Share your repls and programming experiences

← Back to all posts
How I Hosted CI on Repl.it
h
Scoder12

How I Made a CI On Replit

Why?

Why not? It seemed fun to see if I could find a CI solution that ran on repl.it infrastructure and connected with github.

First Failed Attempt: Abstruse

The first CI I tried to host on replit was abstruse which is built with Go and angular.
I got it to build and run on replit, but it didn't work for a few reasons:

  • Needed to open multiple ports and workers couldn't communicate over HTTP
  • Used etcd database that used multiple files and required its own separate port (which seems similar to replit db, shame)
  • Required Docker for runners, which doesn't work on replit since repls are already inside docker containers

After this didn't work, I was almost ready to roll my own solution, but after a while I found Drone.

What worked: Drone

I don't remember how I found drone, but it was perfect for replit.
It only used one port for everything!
Plus, it has "exec" runners, which don't use docker containers and instead run commands directly on the host machine.

I have a lot of experience with getting things to run on replit. I always start off with a fresh bash repl with set -e and start with the download.
Next, I figure out which files from the download are neeeded and make a bash if that re-downloads if their missing.

Here's the main.sh file for abstruse.
Drone's install process is simple, all that I need to do is clone the repo and build a go binary.
The codebase is large though, so building takes a while.

The configuration is also simple: I set up a github OAuth app according to their instructions and put the client id and secret in .env.
I also added a shared secret as they described which is used in both the server and the worker.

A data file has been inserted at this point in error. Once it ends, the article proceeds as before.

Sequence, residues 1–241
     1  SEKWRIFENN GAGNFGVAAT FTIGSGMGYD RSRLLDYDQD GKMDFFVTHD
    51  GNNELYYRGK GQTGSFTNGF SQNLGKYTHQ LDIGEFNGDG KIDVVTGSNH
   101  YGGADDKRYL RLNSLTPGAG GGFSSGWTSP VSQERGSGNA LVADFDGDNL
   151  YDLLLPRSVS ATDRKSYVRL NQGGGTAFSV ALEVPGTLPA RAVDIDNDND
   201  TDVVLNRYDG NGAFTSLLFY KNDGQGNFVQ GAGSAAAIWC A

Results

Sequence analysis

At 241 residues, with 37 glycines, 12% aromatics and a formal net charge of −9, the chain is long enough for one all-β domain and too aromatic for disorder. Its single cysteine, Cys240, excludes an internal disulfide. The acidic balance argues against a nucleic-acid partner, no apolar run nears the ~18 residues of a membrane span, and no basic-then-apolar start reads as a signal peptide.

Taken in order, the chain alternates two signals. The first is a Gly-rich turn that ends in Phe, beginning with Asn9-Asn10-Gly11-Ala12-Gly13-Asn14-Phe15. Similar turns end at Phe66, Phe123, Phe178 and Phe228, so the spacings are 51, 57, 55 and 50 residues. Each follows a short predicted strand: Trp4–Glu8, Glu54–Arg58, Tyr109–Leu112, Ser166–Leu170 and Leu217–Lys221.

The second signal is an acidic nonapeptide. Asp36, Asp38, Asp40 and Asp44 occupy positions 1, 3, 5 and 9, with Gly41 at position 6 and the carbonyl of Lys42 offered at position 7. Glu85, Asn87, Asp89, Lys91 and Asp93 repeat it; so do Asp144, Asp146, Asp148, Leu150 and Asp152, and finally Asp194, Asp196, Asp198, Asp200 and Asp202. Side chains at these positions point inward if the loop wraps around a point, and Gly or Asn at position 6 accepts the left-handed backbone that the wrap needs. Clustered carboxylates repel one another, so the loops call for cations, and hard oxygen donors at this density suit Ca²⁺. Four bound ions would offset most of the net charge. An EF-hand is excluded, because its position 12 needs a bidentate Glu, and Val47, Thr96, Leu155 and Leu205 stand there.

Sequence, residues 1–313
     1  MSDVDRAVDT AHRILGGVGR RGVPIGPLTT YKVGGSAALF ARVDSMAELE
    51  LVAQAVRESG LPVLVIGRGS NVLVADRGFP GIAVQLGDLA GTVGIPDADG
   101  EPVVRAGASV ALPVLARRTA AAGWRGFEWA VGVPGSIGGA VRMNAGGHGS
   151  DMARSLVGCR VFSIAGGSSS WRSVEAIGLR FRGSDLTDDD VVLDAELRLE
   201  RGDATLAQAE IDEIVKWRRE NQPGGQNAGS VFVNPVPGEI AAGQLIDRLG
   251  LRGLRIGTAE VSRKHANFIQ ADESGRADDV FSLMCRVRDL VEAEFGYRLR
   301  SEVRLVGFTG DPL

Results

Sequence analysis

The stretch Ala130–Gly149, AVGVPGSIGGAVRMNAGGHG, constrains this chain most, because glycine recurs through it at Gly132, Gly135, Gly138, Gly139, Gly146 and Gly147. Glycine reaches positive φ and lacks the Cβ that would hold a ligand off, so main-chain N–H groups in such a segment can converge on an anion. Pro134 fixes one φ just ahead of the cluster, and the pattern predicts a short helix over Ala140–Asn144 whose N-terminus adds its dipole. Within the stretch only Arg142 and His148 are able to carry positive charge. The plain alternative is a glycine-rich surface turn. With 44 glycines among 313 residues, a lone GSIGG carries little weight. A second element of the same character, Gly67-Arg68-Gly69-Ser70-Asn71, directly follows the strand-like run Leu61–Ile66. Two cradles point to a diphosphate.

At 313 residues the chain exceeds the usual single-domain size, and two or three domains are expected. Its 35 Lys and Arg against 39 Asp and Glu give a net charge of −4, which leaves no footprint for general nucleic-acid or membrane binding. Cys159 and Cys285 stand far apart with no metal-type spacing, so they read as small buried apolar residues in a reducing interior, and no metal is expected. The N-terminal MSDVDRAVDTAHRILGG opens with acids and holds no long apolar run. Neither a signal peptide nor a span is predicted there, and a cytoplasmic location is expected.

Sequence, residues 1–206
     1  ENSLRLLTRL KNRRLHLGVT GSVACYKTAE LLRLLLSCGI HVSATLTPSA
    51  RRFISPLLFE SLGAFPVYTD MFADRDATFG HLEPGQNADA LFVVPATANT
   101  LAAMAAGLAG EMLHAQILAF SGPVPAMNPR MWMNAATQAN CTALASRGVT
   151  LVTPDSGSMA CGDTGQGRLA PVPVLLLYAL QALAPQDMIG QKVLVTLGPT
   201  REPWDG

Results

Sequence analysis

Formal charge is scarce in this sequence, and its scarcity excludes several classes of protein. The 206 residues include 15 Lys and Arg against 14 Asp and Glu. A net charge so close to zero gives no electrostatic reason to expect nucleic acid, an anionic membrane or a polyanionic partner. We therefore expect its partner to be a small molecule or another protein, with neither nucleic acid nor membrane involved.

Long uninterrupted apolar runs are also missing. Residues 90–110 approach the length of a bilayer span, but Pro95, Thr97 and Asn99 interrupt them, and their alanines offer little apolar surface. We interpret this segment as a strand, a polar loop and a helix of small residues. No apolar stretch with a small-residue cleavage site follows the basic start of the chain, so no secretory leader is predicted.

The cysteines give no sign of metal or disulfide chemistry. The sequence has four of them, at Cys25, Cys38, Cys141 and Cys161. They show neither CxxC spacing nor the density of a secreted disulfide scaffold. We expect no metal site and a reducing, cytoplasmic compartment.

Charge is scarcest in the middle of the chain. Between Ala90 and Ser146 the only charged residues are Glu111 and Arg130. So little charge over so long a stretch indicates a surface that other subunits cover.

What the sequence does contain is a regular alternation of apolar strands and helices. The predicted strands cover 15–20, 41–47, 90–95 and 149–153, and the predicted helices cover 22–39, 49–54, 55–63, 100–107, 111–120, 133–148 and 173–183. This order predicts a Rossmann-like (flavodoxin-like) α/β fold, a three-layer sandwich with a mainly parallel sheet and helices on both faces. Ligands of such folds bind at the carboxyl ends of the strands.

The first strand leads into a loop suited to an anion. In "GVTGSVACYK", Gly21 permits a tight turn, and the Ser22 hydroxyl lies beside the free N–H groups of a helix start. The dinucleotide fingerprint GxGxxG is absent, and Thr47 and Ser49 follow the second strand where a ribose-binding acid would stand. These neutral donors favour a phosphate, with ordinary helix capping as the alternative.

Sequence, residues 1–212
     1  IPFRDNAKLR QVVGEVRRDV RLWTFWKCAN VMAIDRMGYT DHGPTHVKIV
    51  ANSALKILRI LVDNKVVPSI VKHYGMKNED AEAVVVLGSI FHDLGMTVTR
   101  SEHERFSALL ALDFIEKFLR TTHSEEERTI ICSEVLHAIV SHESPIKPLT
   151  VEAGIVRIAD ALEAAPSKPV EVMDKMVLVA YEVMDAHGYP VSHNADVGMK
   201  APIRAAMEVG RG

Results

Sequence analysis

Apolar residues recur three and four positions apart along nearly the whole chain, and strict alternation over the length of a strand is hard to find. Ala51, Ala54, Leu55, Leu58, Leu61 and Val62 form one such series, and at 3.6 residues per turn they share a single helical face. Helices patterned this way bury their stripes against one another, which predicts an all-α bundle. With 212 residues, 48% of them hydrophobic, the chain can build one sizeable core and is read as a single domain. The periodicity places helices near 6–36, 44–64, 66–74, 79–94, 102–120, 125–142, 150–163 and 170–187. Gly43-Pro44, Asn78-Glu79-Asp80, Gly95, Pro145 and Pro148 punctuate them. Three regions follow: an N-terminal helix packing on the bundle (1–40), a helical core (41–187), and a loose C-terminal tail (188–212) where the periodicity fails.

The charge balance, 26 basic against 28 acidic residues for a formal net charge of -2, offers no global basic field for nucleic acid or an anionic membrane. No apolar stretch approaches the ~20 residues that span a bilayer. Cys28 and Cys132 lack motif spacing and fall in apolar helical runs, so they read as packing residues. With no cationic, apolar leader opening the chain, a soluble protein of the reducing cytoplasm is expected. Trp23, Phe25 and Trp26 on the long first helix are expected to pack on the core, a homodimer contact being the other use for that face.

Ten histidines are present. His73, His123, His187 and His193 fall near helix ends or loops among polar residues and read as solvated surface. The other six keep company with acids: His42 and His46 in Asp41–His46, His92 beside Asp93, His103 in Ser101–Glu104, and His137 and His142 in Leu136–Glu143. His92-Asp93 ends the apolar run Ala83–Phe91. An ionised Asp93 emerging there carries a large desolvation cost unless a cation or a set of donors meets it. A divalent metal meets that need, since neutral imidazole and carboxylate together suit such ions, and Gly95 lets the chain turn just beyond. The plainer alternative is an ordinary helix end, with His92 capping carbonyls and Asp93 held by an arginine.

The app was up and running! There was no first time setup UI or anything.

To ensure data security, I wrote a small script in python, since file persistance is no longer officially supported.
It watches a file, in this case drone's sqlite database, and writes it into DB whenever it changes.
The next time the repl starts, the latest changes are pulled off of DB so nothing is lost.
I also copied in the modules it uses so its completely self-contained in a directory in the repl.
This should defend against any weird container conditions and prevent data loss.

Worker setup

Next, I made the worker, which was even simpler.
I just slapped a binary onto another bash repl, added the rpel url and shared secret, and it worked.
All of the CI runs are contained in their own directory under /tmp which is not persisted on the repl.
This keeps everything safe and secure.

Here's the main.sh for the worker.

Finally, I hooked everything up to my custom "Repl Reviver Multi" which is hooked up to uptime robot. This keeps everything running even when I'm away.

Future Plans

Eventually, I hope to hook up the CI to some sort of smart scaling solution using crosis, that dynamically creates a repl for each CI run.

Closing

I hope you enjoyed this post! Leave an upvote if you did!

Voters
DexieTheSheep
DynamicSquid
amasad
Scoder12
Comments
hotnewtop
DexieTheSheep

kinda late to respond, but this is cool

DynamicSquid

What is CI? I heard it was a way to combine separate projects into one working version, but I don't really understand it beyond that...

Scoder12

@DynamicSquid continous integration. You describe some tasks in your repo are they are run after every commit.

Scoder12

@DynamicSquid its usually tests, linting, builds, etc.

DynamicSquid

@Scoder12 Oh okay. So for example a basic CI could be compiling a commit to see if it compiled successfully?

Scoder12

@DynamicSquid yes, exactly. It can also run on pull requests to make sure contributors aren't committing bad code.

DynamicSquid

@Scoder12 Ah I see. Definitely going to look more into that. Interesting!

Scoder12

@DynamicSquid I would definitely recommend MIT Missing semester. Heres the lecture on metaprogramming which talks about CI: https://missing.csail.mit.edu/2020/metaprogramming/